10. It's really sad that a debate about how to pay for something has been derailed so often by treatment issues.

    A lesson for all of us.

  11. Maybe they could just let individual women decide to get breast exams as often as they want..thus avoiding the whole problem…rather than going toward a public system in which government policy-apparatchiks decide what you can have based on their general guidelines??

    No two people are the same. It's better to let adults decide what care they want taken with their health.
    Of course, this requires that adults pay for that care – otherwise there will be nothing to balance the demand but limits on the supply.

    • Doctors (for the most part) know who's a higher risk and who's not. Under our system and under any system proposed by the US legislatures and bureaucrats would keep the decision-making in their hands, with the threat of lawsuits pushing them towards the side of caution.

      If we didn't pay for any mammograms and let people pay for as many as they wished without scrutiny from their doctor, all that would happen is that more affluent people would get unnecessary radiation, and the poor wouldn't get the mammograms after 50, when they'd actually be needed. Again, if someone really wants a mammogram under either our system or the American's system, most doctors will let them get one, even if they first try to talk the patient out of it.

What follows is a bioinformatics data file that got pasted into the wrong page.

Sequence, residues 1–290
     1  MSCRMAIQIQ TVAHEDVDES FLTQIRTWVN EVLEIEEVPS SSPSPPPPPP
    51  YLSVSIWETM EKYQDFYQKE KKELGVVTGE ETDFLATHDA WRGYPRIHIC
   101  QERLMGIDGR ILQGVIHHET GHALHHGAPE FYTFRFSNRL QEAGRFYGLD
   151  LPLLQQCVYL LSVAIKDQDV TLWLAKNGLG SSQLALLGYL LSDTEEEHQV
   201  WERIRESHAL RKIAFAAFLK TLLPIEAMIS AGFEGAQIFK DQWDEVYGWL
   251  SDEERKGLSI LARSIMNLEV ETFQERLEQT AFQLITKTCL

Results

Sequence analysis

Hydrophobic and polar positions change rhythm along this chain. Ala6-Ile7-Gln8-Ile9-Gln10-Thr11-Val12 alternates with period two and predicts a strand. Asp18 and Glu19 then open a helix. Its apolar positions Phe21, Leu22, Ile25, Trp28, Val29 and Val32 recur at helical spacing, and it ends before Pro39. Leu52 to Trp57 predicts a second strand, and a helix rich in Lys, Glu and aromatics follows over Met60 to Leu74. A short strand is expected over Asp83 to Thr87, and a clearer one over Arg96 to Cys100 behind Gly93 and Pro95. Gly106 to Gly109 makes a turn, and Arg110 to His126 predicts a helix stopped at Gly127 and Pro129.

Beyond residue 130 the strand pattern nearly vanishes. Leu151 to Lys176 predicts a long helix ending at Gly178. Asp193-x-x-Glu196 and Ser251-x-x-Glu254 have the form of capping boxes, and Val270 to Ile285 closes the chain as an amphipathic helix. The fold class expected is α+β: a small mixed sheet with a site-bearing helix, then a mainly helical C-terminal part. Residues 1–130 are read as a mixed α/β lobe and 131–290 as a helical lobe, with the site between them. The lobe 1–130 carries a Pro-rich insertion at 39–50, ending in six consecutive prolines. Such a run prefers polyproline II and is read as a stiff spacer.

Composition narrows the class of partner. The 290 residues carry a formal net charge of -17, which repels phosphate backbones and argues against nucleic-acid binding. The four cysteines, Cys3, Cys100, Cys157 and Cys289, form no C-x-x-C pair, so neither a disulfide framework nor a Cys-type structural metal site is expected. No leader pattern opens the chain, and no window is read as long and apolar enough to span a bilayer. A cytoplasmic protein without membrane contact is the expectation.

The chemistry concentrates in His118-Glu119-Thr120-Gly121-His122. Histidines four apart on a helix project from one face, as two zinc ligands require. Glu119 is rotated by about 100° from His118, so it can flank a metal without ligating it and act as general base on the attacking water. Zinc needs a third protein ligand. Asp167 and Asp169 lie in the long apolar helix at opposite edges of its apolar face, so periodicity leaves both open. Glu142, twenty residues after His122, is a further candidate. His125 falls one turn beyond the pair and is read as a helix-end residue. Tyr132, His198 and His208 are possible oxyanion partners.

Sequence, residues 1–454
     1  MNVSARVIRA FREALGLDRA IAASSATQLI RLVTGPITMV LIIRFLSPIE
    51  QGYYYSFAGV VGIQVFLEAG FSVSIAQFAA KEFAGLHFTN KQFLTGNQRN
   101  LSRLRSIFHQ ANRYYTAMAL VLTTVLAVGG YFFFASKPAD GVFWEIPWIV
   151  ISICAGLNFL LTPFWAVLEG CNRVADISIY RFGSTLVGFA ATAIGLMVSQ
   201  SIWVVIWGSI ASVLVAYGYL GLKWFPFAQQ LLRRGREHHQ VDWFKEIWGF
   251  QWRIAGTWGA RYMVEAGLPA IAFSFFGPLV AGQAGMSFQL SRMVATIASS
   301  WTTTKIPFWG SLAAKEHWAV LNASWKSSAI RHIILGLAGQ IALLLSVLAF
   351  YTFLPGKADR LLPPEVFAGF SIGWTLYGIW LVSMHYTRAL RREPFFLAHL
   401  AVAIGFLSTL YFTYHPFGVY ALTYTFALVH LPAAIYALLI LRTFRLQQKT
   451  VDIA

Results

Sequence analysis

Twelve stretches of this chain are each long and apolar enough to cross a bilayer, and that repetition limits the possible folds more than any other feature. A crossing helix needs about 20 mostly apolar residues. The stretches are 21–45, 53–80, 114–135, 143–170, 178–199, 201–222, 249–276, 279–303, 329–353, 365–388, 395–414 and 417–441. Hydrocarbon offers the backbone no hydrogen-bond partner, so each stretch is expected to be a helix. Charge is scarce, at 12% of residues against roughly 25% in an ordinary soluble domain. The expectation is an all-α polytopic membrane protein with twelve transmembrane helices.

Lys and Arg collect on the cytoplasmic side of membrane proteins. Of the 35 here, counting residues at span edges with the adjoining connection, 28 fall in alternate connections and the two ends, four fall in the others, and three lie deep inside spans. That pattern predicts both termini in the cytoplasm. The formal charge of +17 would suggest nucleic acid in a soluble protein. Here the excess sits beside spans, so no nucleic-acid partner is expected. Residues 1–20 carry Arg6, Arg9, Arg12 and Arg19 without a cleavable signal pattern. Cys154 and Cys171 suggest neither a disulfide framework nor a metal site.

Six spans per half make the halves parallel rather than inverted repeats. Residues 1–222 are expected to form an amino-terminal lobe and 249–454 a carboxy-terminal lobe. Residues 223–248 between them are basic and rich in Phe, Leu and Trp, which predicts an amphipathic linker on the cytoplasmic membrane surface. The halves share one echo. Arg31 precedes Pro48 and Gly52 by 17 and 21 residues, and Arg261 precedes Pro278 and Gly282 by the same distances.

12. Is Colby part of the booboisie? What's his expertise anyway?!

  13. This is one of the most ineptly written, biased and clueless articles on women's health! Doesn't MacLean's have a female health issues writer or are they not paying enough…..Totally condescending and clueless. Way to go Gosh! AS for the Yankees, their twisted ideology has them wearing social and health blinders so you can't expect their govenrment to be more or less progressive. Women's health might as well represent a lepers' colony in Waziristan for these idiots to conduct proper research and do their homework on behalf of cancer survivors and the potential victims. And they're still trying to figure out that the Single Payer system in Canada costs half as much as their incompetently swollen administrative budget for health that puts the States one above Costa Rica–yet one above Slovania thankfully. They should be channeling Tommy Douglas to end this mess…

  14. Colby should get the prize for journalistic idiocy. His misogyny is showing loud and clear, aint' it.

  15. Great piece, Colby. I wonder if the fact a lot of people make a lot of money doing mammograms has anything to do with the "outrage." Actually, I don't wonder, I know. Among their many moronities, the American press forgot how to detect conflict of interest a long time ago.

    • Actually, Patrick, in the USA it's only the insurance companies that have any conflicts of interests, apparently.

  16. I suspect that someone linked to this from a crazy feminist site and we've had memi, mary and barry follow the link.

  17. A: That's not funny.

  18. Well written and spot-on. Mammograms seem to be largely unnecessary for women under 50 – individual circumstances aside – and have a fair number of downsides, the most important being excess radiation exposure due to wide-spread testing. Add in the incidence of false positives and the extra cost of such procedures, and there seems little reason to keep such tests standard.